This monograph is an authoritative and important contribution to the research literature. Most of the material appears for the first time in the form of a monograph. The exposition is both concise and lucid, but clearly pitched at (post-)graduate level; a sound background in probability theory is a sine qua non and the reader should be familiar with (a bit more than just the basics of) stochastic processes, Markov chains, Poisson random measures etc., since these tools are just briefly introduced – basically to fix the notation. Bertoin does not try to be encyclopaedic but concentrates on some essentials. This approach makes the text very accessible; detailed comments following each chapter and an extensive bibliography comprising more than 200 entries make up for any losses caused by the the author’s selection.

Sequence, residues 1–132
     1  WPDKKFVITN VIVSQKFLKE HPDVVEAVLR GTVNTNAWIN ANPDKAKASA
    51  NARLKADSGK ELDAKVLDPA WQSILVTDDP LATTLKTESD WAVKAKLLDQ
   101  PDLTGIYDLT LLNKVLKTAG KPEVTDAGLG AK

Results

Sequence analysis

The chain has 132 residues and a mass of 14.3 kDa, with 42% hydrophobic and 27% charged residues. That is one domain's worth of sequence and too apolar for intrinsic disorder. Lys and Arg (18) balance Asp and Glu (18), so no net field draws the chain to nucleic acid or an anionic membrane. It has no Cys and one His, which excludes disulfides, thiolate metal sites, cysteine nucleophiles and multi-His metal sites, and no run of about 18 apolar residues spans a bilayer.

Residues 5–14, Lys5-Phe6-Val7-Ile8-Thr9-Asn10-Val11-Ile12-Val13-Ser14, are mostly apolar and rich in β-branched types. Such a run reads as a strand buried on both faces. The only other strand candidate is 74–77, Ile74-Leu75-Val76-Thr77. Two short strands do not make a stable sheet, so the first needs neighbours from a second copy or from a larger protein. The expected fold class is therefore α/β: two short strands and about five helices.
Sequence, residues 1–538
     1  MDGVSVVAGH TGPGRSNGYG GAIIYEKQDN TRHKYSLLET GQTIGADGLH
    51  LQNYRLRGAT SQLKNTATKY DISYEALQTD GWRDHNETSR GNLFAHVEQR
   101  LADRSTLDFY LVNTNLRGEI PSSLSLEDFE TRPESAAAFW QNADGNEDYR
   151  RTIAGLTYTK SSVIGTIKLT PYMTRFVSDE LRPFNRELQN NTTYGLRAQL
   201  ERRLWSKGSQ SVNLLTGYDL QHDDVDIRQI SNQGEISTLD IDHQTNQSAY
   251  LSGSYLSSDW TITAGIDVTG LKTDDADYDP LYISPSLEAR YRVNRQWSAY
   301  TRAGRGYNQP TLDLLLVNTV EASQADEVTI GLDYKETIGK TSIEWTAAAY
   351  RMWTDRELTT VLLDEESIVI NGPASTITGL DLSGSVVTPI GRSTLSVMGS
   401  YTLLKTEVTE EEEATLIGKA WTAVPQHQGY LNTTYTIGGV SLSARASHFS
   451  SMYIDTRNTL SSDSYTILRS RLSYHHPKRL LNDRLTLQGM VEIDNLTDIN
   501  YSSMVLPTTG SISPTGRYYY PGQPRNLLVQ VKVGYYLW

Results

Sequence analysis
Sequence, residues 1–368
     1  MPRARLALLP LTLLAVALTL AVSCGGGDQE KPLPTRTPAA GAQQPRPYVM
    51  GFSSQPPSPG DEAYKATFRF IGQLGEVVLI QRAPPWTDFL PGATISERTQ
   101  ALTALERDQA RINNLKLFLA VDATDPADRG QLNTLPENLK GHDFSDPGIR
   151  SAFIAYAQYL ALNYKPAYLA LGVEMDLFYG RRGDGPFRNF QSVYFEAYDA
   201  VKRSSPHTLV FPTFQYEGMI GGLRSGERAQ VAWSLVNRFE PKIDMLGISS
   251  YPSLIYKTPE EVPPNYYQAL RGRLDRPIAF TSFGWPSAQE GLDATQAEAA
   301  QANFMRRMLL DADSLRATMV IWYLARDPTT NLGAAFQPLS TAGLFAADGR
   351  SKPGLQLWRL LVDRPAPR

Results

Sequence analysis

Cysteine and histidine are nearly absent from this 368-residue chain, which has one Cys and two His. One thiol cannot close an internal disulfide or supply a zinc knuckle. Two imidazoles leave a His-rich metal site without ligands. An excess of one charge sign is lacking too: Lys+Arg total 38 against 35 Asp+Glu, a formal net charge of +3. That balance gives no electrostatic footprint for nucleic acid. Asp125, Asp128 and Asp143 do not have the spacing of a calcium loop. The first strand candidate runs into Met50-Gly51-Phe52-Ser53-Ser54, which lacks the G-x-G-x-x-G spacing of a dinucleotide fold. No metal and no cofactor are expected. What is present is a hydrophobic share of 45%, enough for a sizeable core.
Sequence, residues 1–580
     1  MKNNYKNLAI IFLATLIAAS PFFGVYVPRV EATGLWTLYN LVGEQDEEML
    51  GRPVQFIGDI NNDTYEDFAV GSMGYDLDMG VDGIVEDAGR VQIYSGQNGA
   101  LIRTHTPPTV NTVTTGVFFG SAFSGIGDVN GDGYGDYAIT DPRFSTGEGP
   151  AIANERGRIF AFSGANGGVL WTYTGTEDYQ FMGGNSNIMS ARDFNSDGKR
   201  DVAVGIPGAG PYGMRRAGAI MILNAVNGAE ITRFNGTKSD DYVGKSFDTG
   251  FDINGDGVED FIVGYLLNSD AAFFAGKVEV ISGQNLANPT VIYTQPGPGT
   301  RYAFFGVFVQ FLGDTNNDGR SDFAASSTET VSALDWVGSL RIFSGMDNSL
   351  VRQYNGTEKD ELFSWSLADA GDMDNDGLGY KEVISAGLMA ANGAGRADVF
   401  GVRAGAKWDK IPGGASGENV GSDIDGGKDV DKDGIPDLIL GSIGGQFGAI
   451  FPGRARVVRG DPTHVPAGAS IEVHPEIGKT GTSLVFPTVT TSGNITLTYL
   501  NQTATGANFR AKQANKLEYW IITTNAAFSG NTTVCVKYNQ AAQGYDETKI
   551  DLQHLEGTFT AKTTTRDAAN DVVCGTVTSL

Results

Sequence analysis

The first three of the monograph’s five chapters (pp. 1–160) deal with fragmentation. In order to get mathematically tractable models the author makes the following, restrictive but commonly accepted, assumptions: the fragmentation process is Markovian (i.e. memoryless), only the size of the particles is recorded while the spatial position and other geometric properties of the fragments are neglected, and the break-ups happen independently of each other and of the environment. These assumptions destroy, in general, the naive duality (by reversing the direction of time) of fragmentation and coagulation. This is the reason why coagulation is treated separately in the second half of the book.